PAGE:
The Veterans contend that even if the statute cannot be construed to provide standards for the exercise of discretion in their interest, such standards may be found in several internal VA publications. These consist of (1) Manual M 26-3 § 2.39(d), which lists four criteria for refunding of guaranteed loans; (2) DVB Circular 26-80-3 (January 17, 1980), which sets forth for VA employees the agency's general policies respecting loan servicing and refunding, and (3) DVB Circular 28-78-21 (July 17, 1978), which lists refunding criteria supplementing those in Manual M 26-3. These, the Veterans urge, supply a law to apply in judicial review, and should be enforced. We do not agree. The documents satisfy none of the criteria which have been developed by the courts to determine whether agency regulations have the force of law. See generally, Chrysler Corp. v. Brown, 441 U.S. 281, 301-03, 99 S.Ct. 1705, 1717-18, 60 L.Ed.2d 208 (1979). They have never been published in the Federal Register. They have not been promulgated with the procedural requirements for rulemaking. They have never been intended for or used by anyone other than VA employees. The manual and circulars must be characterized as "interpretive rules, general statements of policy, or rules of agency organization, procedure, or practice." 5 U.S.C. § 553(b)(A). Such non-substantive rules are not judicially enforceable. E.g., Schweiker v. Hansen, 450 U.S. 785, 101 S.Ct. 1468, 67 L.Ed.2d 685 (1981) (per curiam); Chrysler Corp. v. Brown, supra, 441 U.S. 301-02, 99 S.Ct. 1717.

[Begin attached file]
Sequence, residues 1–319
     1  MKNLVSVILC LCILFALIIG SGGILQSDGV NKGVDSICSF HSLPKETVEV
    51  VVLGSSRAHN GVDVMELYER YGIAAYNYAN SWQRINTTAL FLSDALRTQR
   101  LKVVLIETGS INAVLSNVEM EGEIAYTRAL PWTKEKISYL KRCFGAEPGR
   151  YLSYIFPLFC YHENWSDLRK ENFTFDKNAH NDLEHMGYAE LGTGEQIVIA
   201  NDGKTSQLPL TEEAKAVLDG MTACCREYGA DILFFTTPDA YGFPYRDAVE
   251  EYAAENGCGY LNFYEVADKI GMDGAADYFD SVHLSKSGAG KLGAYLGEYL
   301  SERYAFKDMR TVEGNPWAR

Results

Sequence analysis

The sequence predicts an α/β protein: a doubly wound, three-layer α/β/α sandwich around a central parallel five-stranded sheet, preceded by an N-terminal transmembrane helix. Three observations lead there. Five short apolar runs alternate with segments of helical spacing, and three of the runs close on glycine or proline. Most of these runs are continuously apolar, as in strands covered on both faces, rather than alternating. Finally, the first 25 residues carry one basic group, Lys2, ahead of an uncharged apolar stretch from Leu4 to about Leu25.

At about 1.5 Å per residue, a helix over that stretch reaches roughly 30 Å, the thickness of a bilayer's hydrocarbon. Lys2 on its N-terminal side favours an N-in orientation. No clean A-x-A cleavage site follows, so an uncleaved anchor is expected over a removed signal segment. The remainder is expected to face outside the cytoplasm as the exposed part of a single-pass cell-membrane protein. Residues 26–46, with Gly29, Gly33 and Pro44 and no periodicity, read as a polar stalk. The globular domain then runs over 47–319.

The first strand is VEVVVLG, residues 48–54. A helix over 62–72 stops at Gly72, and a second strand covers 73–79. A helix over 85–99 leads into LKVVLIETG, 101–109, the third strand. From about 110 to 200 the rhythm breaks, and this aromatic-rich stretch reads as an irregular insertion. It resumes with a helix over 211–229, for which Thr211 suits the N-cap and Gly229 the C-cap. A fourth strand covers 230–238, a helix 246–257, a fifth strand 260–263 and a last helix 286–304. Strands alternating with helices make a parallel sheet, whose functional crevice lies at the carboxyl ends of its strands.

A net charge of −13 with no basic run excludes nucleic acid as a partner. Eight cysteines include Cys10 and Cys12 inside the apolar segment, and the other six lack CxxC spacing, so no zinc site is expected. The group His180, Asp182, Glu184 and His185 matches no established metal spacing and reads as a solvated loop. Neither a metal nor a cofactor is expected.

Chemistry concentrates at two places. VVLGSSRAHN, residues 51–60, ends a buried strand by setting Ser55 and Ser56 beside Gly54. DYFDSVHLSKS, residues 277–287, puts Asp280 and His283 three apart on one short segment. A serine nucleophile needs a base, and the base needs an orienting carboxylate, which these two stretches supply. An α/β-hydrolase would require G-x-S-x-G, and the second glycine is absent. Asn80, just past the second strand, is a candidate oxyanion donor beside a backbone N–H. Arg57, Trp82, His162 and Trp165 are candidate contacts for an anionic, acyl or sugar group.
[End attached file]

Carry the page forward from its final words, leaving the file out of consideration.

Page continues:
We conclude, therefore, that the court did not err in holding that the taking of assignments of defaulted guaranteed mortgages is a matter committed to agency discretion within the meaning of the Administrative Procedure Act, and not judicially reviewable.9 The judgment appealed from will be affirmed.
38 U.S.C. § 1801, et seq
38 U.S.C. § 1816(a). This provision originated in Section 506 of the 1945 Amendments to the Servicemen's Readjustment Act of 1944. Act of Dec. 28, 1945, Pub.L. No. 79-268, § 506, 59 Stat. 630
Gatter v. Cleland, 512 F.Supp. 207 (E.D.Pa.1981)
Servicemen's Readjustment Act of 1944. Pub.L. 78-346, § 500(b), 58 Stat. 291
Act of Dec. 28, 1945, Pub.L. No. 79-268, § 509(a), 59 Stat. 631 (current version at 38 U.S.C. § 1820(a))
Id. at § 506
Id. at § 509(a)(3)-(4), 59 Stat. 631 (current version at 38 U.S.C. § 1820(a)(3)-(4) (1976))
Id. at § 509(c) (current version at 38 U.S.C. § 1820(c))